It is well settled that respondeat superior is not a proper basis for liability under 42 U.S.C. § 1983. Absent an allegation that the named state officials were personally involved in the alleged deprivation of constitutional rights, a complaint under 42 U.S.C. § 1983 does not state a claim. A supervisor may be liable based on his or her personal involvement in the alleged deprivation, or if there is a sufficient causal connection between the supervisor's alleged wrongful conduct and the alleged deprivation, Hansen v. Black, 885 F.2d 642, 646 (9th Cir. 1989), but a "supervisor is only liable for constitutional violations of his subordinates if the supervisor participated in or directed the violations, or knew of the violations and failed to act to prevent them." Taylor v. List, 880 F.2d 1040, 1045 (9th Cir. 1989), citing Ybarra v. Reno Thunderbird Mobile Home Village, 723 F.2d 675, 680-81 (9th Cir. 1984).

Plaintiff has not alleged that defendants Gower, Premo or Yoder personally participated in the excessive force he alleges or any facts that would subject these defendants to liability on a theory of respondeat superior.

Plaintiff seeks to hold defendants Grower, Premo and Yoder liable because "they failed to remedy the wrong." Response (#178) p. 3. Plaintiff's allegation in this regard is insufficient to state a claim for § 1983 liability. See, Tyson v. Oregon Dept. Of Corrections, 347 Fed.Appx. 347 (9th Cir. 2012) (affirming summary judgment for supervisory defendant in excessive force case because he did not personally participate in any constitutional violation).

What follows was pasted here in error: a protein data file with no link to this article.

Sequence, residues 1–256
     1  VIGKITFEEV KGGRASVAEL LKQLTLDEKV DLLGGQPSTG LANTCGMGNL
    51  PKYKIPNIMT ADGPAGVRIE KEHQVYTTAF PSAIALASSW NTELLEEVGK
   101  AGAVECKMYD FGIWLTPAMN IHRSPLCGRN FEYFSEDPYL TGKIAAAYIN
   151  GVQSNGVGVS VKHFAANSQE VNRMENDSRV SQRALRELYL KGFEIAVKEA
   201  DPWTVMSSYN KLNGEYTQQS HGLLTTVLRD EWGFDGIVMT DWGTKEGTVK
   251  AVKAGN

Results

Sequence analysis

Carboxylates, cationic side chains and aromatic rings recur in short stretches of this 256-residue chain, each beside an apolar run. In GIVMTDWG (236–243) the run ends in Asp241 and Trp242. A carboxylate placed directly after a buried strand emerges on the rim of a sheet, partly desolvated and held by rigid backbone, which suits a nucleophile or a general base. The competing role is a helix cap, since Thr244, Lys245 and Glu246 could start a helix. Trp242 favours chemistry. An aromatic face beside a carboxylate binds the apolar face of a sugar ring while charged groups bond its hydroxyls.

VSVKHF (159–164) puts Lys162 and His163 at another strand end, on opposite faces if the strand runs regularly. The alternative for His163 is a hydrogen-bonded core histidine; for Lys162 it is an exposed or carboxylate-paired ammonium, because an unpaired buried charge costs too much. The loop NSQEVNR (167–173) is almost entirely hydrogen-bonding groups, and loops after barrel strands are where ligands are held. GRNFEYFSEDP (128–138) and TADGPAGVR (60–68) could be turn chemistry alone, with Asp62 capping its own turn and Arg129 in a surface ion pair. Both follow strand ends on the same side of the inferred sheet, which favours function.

Eighth Amendment: The Eighth Amendment proscribes punishments which involve the "unnecessary and wanton infliction of pain, " are grossly disproportionate to the severity of the crime for which the inmate was imprisoned, or are totally without penological justification. Rhodes v. Chapman, 452 U.S. 337, 347 (1981); Gregg v. Georgia, 428 U.S. 153, 173 (1976).

In order to establish liability under the Eighth Amendment, a plaintiff must prove two distinct components: 1.) that the plaintiff actually suffered an extreme deprivation or was placed at a substantial risk of suffering a significant injury; and 2) that the defendants acted with a sufficiently culpable state of mind (deliberate indifference). Wilson v. Sieter, 501 U.S. 294, 298 (1991); LeMaire v. Mass, 12 F.3d 1444, 1451 (9th Cir. 1993); May v. Bladwin, 109 F.3d 557, 565 (9th Cir. 1997).